spinning


Thanks to the yoyo for letting me borrow her wheel! this is what came from it:

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I’m actually excited about Kid’s Camp now. Yay for me.

And here are those pictures of my feeble spinning-endeavors:

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Just a bit. Three small hanks tonight, in fact. I do mean small, too: 36 yards, 22 yards and 20 yards. Pretty pinky-shades because I have a tone of pinkish-peach-etc. fiber from an Ugly Batt that I ordered on a whim some time ago. I will post pictures, I hope, soon, but right now they’re hanging in the shower, blocking.

I’d take pictures of the hanks hanging out in the shower, but really, it’s not pretty in my shower. Oh. I mean. That makes it sound like I have algae growing in my bathroom or something. I don’t. It’s just a shower with your usual shower features–simply doesn’t do the yarn justice.

My arms are quite sore from all the spinning–36 yards may not seem like much. Certainly not 20 or 22. But when you’ve spun them all in a matter of 2 hours (some of the singles were previously spun)…

Let’s see. Nothing new on the homefront. No pictures because I’m a lazy sort, too.

Awhile back I started this blog-resolution (sort of) to write/research about spinning in America–hand-spindling, to be exact, but wheels would be fine, too. Now I’m officially saving up for a wheel and I’m uber-excited about that. Though it appears I’ve abandoned the idea, I haven’t; yes, I tend to flit from here to there, and I tend to pick up projects and abandon them as quickly as I did them in the first place. Which is quickly.

I’m still kicking around ideas fo research to do with spindling. I learn new things about the art of spinning everyday… it’s the researching the history part that isn’t exactly thrilling me right now. It’s kind of baffling that so little research/study/commentary exists. Well. Maybe not.

It’s the whole “Big H” vs. “little h” history thing. Because Man writes History (historically speaking), things like housework, of course, become petty things, things that don’t magnify Man–in the opinion of Man. How the sweaters of fishermen came to be, or how the bloody socks of the U.S. Revolutionary War were knit by hand by loving mothers, sisters, daughters, wives and lovers–it doesn’t matter. The fact that Man fought the sea and won, conquered fish and ate, fought bloody battles and defeated nations… well. I suppose that’s much more important, eh?

I think of it as a tapestry; we are all tiny threads, and when our lives weave together our singularity: weak, fine and extremely thin: becomes part of a greater whole: a dense fabric, strog and warm, full of rich colors portraying, perhaps, a story through the tapestry’s larger picture. When one sees a tapestry, one most likely does not focus on one thread, or even one small group of thread: one focuses on the thing in its entirety. We do that in our human lives when we look at the humans around us. We have preconceptions and misconceptions about other nations, other cultures; or even within our own cultures, we stereotype on many ends. Our worldview stems beyond looking at one color or one section of the tapestry; we examine this thread of sub-culture or that thread of culture and that thread of ethnic identity.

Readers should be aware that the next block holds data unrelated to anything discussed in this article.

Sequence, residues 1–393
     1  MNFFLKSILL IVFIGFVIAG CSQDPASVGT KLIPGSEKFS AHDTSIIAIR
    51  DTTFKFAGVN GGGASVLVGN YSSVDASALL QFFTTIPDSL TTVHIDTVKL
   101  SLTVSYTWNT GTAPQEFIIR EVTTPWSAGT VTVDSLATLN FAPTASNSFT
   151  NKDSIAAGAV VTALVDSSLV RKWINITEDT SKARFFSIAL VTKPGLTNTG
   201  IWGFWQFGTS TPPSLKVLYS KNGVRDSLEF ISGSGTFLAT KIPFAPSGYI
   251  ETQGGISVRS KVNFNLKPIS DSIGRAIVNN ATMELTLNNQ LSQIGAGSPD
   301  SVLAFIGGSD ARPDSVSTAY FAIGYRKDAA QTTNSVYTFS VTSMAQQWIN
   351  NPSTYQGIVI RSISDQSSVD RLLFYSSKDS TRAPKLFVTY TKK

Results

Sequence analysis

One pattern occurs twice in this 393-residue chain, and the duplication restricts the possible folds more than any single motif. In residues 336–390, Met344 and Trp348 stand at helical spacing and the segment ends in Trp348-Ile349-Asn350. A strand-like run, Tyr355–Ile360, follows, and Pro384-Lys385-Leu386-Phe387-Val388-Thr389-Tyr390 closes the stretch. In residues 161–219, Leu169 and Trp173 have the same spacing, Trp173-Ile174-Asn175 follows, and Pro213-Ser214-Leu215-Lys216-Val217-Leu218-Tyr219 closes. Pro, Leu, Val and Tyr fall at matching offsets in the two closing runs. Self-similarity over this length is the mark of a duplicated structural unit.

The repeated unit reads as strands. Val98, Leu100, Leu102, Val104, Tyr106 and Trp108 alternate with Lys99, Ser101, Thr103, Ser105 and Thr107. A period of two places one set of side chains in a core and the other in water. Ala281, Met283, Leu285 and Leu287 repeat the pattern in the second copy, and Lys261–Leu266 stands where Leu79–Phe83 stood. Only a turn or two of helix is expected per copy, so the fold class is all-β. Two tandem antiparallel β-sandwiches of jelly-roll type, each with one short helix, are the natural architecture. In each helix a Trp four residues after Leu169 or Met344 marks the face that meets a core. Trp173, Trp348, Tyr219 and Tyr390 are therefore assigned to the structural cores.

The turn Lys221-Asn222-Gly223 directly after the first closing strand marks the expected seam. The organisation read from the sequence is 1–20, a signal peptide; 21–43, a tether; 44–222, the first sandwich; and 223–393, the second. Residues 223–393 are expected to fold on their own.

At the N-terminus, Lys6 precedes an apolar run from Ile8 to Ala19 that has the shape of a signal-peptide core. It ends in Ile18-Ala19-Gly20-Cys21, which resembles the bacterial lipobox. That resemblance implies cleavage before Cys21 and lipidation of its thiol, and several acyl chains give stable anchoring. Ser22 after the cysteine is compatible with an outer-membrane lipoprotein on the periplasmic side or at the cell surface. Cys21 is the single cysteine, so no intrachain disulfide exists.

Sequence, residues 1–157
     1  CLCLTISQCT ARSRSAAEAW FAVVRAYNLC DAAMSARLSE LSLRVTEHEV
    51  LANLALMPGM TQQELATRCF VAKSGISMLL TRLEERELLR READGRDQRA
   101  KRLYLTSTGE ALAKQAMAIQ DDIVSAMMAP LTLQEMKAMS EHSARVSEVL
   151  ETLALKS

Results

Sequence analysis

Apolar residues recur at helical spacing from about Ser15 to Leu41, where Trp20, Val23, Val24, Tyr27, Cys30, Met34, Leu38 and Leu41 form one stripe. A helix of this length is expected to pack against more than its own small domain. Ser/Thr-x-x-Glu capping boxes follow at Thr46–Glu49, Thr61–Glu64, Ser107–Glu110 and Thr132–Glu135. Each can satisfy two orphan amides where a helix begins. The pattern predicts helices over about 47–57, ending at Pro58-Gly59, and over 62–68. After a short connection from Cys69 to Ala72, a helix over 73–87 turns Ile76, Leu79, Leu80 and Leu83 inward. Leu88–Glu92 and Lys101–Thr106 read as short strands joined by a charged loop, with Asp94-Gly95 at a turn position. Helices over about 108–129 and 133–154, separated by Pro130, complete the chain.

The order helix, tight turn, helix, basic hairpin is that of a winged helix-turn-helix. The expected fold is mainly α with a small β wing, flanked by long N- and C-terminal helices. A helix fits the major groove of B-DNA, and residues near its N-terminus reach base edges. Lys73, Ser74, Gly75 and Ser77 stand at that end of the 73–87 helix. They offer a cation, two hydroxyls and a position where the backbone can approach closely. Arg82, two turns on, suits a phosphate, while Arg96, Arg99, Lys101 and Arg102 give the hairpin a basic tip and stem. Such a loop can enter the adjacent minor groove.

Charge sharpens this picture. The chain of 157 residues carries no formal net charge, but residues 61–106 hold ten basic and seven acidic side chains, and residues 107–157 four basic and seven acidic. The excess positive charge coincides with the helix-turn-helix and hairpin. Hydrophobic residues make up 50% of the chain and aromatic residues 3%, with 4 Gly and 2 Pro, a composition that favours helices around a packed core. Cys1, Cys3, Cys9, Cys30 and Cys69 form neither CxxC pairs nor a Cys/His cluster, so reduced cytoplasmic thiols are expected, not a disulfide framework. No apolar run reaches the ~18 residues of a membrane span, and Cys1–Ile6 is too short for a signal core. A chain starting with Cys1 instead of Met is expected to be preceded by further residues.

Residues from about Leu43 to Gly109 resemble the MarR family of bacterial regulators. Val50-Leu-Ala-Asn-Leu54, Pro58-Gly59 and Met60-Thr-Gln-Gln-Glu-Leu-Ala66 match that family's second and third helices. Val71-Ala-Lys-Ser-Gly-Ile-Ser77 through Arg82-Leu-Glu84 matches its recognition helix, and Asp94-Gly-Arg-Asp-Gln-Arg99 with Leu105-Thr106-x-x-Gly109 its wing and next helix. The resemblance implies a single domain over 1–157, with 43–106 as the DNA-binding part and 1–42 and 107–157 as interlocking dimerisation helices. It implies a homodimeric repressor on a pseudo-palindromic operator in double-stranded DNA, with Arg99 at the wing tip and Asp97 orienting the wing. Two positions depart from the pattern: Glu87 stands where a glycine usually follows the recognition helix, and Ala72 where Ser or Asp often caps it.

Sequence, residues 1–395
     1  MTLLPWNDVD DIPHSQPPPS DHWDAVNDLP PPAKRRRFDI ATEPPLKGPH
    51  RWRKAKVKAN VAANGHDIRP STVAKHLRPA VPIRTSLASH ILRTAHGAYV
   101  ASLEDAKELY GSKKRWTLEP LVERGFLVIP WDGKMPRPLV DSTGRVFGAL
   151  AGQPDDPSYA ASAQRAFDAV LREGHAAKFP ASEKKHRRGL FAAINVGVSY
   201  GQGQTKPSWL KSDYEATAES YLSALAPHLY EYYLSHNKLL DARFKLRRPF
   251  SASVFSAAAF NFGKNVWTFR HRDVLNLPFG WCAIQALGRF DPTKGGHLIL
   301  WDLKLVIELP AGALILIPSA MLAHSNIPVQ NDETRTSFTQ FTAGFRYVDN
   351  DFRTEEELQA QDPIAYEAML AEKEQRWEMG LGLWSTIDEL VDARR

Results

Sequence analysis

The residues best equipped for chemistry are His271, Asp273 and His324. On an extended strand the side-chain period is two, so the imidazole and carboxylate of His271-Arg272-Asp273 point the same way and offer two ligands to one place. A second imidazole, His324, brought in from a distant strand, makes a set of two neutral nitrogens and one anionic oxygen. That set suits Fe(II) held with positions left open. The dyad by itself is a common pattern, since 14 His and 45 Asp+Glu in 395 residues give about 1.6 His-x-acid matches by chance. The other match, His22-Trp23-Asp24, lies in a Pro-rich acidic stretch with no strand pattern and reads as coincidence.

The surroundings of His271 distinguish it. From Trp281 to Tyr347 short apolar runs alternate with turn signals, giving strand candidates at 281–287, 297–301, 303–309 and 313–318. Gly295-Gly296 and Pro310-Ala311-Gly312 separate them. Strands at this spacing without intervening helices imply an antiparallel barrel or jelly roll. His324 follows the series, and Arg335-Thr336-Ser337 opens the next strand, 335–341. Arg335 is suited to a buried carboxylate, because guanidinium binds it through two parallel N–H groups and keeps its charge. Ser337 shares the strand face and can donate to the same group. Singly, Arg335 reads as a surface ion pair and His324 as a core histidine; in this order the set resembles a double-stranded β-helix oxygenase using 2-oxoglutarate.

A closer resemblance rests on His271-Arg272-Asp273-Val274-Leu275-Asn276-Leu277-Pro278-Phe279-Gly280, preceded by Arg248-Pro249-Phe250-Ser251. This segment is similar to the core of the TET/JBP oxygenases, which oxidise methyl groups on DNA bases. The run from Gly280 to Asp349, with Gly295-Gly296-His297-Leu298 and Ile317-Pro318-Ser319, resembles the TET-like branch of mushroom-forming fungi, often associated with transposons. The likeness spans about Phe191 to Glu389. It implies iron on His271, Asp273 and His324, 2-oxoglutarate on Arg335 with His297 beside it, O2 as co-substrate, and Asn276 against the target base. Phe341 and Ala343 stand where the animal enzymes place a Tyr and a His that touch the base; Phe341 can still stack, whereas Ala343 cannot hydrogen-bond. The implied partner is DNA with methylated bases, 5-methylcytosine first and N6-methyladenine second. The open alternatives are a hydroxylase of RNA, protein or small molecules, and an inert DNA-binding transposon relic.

Fascinating. Really. All that to say, I’m workig on deciphering the threads of the spinning sub-culture, folks.

If anyone has any suggestions toward the subject of spinning merino top, please let me know! I am quickly learning that a drop spindle could just as well be called a throw spindle when in my hands. Some fellow Ravelers were talking about this (well, they called it a “toss-spindle”–I’m not so kind to mine, maybe).

Spin, drop, spin, spin, drop, drop, drop.

They talk about finding a rhythm.

That would be my rhythm

(spin drop

drop spin…)

Syncopated for a little jazzy-snazzy variation on the theme.

I have come to the conclusion that learning to spin is not an endeavor for the faint of heart–in the sense that it takes much practice and much failure before one sees much improvement.

As for the writing: I am still doing that. I’ve given some thought to my fiction these past few days. Hours. Eh. Time is malleable. Oh, but the spin-subject plagues me. Right now, the subject could go so many different ways. If any of you dear readers have a particular burning curiosity that you would like me to follow up on, I’d appreciate any questions, comments, quips, quotes cares or concerns! (Ahem, Teabird, dear Ravelry friend… L, dear long-lost, hope-to-see-again-soon friend, my favorite commenters!!)

Two hanks and one little bit of yarn that is still blocking… yes, I blocked my first yarn:

blocking: after wetting the yarn and gently squeezing out the excess water, I hung the yarn on hangers overnight...

blocking: after wetting the yarn and gently squeezing out the excess water, I hung the yarn on hangers overnight...

I hanked two of them (a two ply blue/black 16 yd. skein and one 9 yd. 3 ply 2 blue/1 black):

My little bitty hanks, side by side--3 ply on right, 2 ply on left.

My little bitty hanks, side by side--3 ply on right, 2 ply on left.

And that is about it, folks. I’m knitting for a change and then I’m going to read and write about all this fiber stuff.

My first "real" yarn on the drop spindle--3 ply, 1 strand black, two blue

My first "real" yarn on the drop spindle--3 ply, 1 strand black, two blue

and then the merino i saved--i know they say it's not a beginner yarn, but i did it anyway!

and then the merino i saved--i know they say it's not a beginner yarn, but i did it anyway!

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